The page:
The recent homophobic attack on Newtown resident Isaac Keatinge, 25, sent shock-waves through the famously diverse inner-western Sydney hub.
On his way home from a friend’s party last month, Keatinge was allegedly singled out by his group of attackers for no reason other than wearing a fab dress and make-up – outraging locals and sparking Reclaim the Street’s hugely successful “Keep Newtown Weird” rally.
Our goal was to give the story a much needed positive twist, proving once and for all that not only are the gender binaries of clothing completely outdated and f–ked up, but there is a true strength in expressing your best self unashamedly.
WHATEVER that means to you.
“Of course dressing is a means of expression, but not everyone has the means to dress the way they feel. It’s interesting, because when I was younger I didn’t have any exposure to alternative fashion. It’s been a really new thing for me,” Isaac tells Heaps Gay over a jug of beer just outside Newtown.
“Growing up in an isolated rural area as I did, really allows one to exercise the imagination. At the same time it’s easy to become hyper aware of oneself. The biggest impact practically speaking is a lack of shared cultural knowledge and references. I often feel that I’m experiencing a late adolescence, yet perhaps this is why I connect more easily with grown ups.”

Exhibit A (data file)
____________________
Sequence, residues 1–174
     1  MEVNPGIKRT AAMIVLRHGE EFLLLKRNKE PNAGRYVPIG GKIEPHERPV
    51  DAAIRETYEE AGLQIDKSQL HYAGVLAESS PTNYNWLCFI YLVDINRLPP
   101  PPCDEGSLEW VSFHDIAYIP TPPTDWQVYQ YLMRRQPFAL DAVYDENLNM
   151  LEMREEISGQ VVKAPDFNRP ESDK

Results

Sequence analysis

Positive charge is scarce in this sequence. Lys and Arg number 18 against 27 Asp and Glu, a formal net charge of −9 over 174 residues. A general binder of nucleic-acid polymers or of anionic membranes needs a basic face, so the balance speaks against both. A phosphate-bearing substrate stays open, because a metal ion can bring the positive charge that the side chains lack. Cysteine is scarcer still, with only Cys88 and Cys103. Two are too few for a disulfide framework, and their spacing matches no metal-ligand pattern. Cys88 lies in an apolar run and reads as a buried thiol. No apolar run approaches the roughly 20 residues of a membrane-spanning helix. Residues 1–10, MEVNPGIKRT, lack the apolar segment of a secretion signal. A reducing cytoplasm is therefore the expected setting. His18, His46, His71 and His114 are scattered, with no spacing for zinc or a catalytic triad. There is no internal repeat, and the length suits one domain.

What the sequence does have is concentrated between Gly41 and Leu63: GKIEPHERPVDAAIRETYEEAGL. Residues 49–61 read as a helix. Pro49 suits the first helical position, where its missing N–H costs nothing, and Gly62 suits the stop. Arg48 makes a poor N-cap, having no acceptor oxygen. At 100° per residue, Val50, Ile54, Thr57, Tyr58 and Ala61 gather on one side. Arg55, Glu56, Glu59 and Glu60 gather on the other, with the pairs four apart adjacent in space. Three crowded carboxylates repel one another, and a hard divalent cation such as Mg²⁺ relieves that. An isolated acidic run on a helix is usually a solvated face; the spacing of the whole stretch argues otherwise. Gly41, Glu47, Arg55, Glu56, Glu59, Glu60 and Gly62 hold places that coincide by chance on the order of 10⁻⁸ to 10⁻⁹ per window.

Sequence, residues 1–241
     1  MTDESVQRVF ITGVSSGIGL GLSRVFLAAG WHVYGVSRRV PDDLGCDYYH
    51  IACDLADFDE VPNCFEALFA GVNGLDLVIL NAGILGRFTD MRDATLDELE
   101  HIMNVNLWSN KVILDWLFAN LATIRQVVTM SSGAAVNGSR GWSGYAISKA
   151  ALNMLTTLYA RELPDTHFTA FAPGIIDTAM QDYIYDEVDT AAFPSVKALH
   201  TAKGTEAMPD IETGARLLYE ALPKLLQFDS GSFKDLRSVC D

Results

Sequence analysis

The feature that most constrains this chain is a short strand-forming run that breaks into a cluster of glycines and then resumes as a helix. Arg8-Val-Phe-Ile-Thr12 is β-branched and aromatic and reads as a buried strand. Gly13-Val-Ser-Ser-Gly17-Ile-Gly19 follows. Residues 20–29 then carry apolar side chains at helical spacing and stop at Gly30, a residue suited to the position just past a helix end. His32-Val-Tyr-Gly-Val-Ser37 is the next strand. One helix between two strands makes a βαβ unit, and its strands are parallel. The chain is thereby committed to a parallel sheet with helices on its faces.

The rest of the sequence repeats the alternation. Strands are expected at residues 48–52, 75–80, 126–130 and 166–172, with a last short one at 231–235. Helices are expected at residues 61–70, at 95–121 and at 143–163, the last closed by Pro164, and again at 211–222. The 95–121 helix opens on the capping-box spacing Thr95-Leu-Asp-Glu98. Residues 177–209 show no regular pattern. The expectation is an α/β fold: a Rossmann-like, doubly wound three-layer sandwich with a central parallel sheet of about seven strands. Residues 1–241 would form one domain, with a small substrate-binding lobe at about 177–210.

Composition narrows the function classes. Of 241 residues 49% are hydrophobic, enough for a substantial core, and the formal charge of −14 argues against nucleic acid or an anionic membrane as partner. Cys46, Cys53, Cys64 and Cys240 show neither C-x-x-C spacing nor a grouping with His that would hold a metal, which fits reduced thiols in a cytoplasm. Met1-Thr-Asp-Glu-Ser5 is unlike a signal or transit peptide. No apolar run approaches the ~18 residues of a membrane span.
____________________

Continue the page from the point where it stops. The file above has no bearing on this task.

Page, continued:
While being raised in a small country town had its obvious drawbacks, Isaac still reflects fondly on some of the community benefits.
“The other thing about growing up regionally is that you come to know and appreciate the community around you. We depend on each other, especially during bush fires, prolonged blackouts and flooding, all of which can enforce isolation. Other kinds of trauma or grief are similarly dealt with in a community-wide response.”
Isaac says that while he’s cherished a new-found expressive and creative freedom since moving to Sydney, he’s also been met with a greater sense of hostility than he’d experienced elsewhere.
“I spent the first nineteen years of my life deep in the mountains, whereas I’ve only been living around Newtown and the inner city for less then four years. One can imagine how isolating and anonymous the city feels, with its built environments and lack of accountability,” he says.